To date, real estate has not encroached upon the fringes of Palmares Golf. Within the next five years, it will. One of Portugal's largest supermarket chains (SONAI), recently purchased the course and it is predicted that they are in the process of completing property transactions. On the positive side is that the residential areas are expected to be of a high standard and low rise.
It would be misleading, however, to plant the thought that if you purchase property in the Lagos area, you will be pioneers. An international presence is firmly in place - and apparently very glad to be there. At present, the property market is busy as foreign investment continues to flow in from Britain, Germany and other countries. What investors seem to have in common is a taste for a slightly wilder scenery, a less developed coastline and an environment which is still dominated by nature rather than man's intrusion upon it.
Life along the western coast moves along at a peaceful pace. The benefits of tourism are embraced and lauded but the locals are not yet obsessed by them. Lagos itself is composed of meandering lanes offering arts and crafts. Cosy restaurants and bars are abundant, several of them under foreign management. Italian food predominates; one of the best little trattorias is 'Italia', outstanding for an inventive menu and friendly service.
English-speaking visitors will have the same ease of communication in this area as in the country generally. I've now started keeping a record: the only Portuguese I have met who do not speak English have been cab drivers. (Three, so far.)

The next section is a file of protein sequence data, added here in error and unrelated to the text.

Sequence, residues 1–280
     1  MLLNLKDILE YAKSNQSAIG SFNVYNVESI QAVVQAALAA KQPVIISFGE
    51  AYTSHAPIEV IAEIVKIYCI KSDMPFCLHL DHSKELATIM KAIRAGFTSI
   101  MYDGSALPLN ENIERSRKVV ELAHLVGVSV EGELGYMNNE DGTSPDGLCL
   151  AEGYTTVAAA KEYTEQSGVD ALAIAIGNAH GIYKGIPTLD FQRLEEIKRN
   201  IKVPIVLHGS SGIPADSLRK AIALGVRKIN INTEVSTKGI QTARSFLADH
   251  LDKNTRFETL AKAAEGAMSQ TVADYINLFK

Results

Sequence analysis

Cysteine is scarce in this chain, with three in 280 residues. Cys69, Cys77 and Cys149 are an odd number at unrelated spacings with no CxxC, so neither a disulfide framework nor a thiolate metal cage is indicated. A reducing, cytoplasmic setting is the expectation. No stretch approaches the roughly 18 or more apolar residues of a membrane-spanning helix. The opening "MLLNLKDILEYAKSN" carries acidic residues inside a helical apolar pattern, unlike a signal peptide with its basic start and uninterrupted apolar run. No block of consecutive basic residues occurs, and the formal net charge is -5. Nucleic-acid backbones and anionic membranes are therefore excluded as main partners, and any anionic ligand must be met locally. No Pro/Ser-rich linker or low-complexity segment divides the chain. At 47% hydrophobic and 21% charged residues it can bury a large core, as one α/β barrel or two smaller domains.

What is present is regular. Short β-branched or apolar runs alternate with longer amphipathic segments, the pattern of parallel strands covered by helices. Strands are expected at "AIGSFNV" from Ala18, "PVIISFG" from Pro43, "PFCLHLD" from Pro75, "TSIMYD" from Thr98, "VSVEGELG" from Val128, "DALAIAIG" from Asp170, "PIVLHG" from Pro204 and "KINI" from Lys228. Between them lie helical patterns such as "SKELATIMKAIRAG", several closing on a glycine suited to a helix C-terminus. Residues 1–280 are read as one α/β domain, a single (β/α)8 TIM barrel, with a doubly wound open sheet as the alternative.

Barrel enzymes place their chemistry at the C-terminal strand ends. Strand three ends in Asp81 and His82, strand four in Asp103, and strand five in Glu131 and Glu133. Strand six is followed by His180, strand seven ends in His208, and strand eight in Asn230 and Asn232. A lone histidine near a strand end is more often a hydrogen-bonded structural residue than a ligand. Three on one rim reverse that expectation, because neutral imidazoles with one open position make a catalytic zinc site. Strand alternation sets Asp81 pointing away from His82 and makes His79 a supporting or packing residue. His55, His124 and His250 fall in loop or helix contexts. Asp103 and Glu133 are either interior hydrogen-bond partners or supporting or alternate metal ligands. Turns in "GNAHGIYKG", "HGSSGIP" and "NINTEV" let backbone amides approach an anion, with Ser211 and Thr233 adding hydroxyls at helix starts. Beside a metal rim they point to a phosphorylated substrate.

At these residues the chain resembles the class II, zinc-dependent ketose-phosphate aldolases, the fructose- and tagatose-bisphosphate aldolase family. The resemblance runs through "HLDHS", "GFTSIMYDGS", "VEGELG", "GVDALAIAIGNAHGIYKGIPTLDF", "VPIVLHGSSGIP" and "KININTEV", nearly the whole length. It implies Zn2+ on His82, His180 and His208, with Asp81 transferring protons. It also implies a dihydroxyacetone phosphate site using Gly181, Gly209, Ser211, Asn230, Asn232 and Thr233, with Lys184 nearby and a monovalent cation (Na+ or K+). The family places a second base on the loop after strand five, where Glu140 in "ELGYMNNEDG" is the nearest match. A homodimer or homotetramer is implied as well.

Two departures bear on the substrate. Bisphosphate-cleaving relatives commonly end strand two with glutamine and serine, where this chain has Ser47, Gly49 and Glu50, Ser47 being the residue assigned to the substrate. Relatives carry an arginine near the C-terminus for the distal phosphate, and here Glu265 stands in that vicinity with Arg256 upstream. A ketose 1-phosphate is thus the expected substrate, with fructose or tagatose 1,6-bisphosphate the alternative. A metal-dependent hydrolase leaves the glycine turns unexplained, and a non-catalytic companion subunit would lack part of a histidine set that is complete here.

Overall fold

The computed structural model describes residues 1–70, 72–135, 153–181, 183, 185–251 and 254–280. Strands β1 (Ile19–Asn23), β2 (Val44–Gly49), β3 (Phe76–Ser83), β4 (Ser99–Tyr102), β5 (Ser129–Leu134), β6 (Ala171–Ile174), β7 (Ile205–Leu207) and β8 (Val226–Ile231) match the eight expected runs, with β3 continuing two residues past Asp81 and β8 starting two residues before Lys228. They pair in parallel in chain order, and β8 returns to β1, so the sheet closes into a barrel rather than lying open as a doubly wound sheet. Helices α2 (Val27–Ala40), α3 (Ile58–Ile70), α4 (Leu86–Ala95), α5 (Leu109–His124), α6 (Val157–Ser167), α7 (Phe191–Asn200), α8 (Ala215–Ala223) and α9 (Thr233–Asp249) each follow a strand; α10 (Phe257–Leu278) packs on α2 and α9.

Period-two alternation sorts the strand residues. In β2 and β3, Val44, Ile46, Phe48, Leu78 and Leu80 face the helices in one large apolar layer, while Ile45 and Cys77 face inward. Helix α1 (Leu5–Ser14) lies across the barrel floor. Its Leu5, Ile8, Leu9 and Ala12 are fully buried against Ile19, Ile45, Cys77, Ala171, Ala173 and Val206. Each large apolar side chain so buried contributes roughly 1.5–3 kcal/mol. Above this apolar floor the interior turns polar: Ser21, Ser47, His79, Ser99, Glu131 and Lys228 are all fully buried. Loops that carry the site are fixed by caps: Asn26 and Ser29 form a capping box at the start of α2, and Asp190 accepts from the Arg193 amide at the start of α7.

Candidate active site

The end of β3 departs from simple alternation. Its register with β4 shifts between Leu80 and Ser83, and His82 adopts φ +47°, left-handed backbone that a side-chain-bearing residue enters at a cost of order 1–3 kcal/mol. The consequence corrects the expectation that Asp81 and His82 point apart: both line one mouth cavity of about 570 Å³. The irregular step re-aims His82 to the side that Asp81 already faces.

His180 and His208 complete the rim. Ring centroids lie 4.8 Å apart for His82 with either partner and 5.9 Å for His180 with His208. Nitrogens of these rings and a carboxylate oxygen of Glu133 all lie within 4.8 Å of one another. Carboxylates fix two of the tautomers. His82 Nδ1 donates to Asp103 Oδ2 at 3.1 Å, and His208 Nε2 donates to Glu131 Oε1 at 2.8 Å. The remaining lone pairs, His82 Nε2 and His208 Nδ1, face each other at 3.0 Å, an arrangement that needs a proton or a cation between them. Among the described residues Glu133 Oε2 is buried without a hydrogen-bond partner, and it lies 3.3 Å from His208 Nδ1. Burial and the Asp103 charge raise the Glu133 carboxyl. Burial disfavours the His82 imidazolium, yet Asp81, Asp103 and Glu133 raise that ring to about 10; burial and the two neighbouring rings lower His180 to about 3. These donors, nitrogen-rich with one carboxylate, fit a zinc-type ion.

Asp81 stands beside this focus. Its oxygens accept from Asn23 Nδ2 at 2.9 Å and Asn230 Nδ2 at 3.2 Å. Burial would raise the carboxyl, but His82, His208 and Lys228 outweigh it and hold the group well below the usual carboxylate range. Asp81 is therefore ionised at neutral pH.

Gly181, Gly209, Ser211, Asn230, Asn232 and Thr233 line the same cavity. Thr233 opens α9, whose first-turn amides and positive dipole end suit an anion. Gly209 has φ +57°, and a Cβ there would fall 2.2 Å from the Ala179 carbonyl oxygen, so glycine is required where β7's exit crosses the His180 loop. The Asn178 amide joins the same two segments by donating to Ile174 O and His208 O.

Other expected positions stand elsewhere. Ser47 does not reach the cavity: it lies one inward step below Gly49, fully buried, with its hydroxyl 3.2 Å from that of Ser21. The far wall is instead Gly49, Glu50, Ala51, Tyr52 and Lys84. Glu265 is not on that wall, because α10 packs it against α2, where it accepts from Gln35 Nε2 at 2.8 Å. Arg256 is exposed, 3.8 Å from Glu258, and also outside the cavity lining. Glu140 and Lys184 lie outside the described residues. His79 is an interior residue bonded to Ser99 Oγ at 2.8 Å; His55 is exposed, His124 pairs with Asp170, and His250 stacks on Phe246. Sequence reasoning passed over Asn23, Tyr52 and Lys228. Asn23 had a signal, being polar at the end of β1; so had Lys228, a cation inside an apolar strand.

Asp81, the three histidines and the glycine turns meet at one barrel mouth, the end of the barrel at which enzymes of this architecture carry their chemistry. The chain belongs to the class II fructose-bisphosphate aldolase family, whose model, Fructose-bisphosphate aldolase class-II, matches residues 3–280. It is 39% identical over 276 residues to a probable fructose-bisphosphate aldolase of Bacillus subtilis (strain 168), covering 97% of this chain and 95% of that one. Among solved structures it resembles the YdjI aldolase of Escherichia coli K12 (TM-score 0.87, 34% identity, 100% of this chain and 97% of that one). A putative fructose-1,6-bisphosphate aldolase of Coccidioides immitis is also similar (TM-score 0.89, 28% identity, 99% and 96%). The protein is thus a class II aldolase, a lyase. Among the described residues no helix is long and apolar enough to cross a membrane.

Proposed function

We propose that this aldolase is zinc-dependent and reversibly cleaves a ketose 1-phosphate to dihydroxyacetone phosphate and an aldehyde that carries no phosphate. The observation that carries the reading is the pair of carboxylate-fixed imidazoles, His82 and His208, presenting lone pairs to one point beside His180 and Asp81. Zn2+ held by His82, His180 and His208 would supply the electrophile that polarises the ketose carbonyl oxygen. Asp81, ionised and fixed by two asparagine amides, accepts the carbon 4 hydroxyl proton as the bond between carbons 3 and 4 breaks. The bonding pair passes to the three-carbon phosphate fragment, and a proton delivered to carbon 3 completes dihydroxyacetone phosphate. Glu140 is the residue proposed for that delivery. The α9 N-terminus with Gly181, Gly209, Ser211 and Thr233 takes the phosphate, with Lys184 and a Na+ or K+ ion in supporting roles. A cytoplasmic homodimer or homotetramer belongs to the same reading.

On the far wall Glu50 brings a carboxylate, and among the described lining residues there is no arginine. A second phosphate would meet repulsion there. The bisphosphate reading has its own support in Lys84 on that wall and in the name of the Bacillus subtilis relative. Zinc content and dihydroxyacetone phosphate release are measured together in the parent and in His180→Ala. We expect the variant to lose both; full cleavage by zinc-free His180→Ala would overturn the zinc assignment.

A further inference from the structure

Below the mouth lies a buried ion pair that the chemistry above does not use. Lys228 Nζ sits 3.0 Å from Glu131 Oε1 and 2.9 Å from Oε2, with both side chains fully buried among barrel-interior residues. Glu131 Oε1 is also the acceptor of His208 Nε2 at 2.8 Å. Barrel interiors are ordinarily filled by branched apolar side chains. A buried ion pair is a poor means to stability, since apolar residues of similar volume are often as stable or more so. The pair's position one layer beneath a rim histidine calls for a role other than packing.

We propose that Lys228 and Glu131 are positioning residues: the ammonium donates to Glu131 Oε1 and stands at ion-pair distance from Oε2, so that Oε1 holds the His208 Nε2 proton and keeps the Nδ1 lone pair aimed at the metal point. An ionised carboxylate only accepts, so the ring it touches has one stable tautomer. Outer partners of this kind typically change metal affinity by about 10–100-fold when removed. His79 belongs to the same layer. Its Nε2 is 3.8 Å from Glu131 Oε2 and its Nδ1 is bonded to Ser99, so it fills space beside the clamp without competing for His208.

Now: where to rest your weary head. My penchant for cosy and comfortable remains undiminished and I can think of no better place to suit my taste than 'Salsalito', a guest-house (lodging for 6 in total) whose laid-back charm is matched by its owners. Ten minutes out of Lagos, a few minutes from several beaches, owners Sally and Ralf Eveleigh run a most relaxed home, complete with 'honour' bar (incredibly well-stocked), swimming pool, terrace and a very large living area. Ralf's beach bar 'Smuggler's' on the Burgau beach, is world-famed. This is a short drive from Palmares Golf; there are other golf clubs less than an hour away.
Those intent on the short, sweet break will fly into Faro, rent a car and head for Palmares, where both play and ambience are designed to soothe the spirit. Exact location is on Meia Beach (Meia Praia).
Meia Praia 860 - 901
Tel: (+351) 282 768 959
Fax: (+351) 282 790 509
Tel: 351 282 697628
Tel/Fax: 00351 282 788272
January 7, 2002
Carla Harvey freelances for various magazines in Spain and abroad. Among them are Mediterranean Life, Essential, The Reporter and Lookout Magazine. She was the editor of Marbella Times for five years and WHERE Costa del Sol for two years.
Any opinions expressed above are those of the writer and do not necessarily represent the views of the management.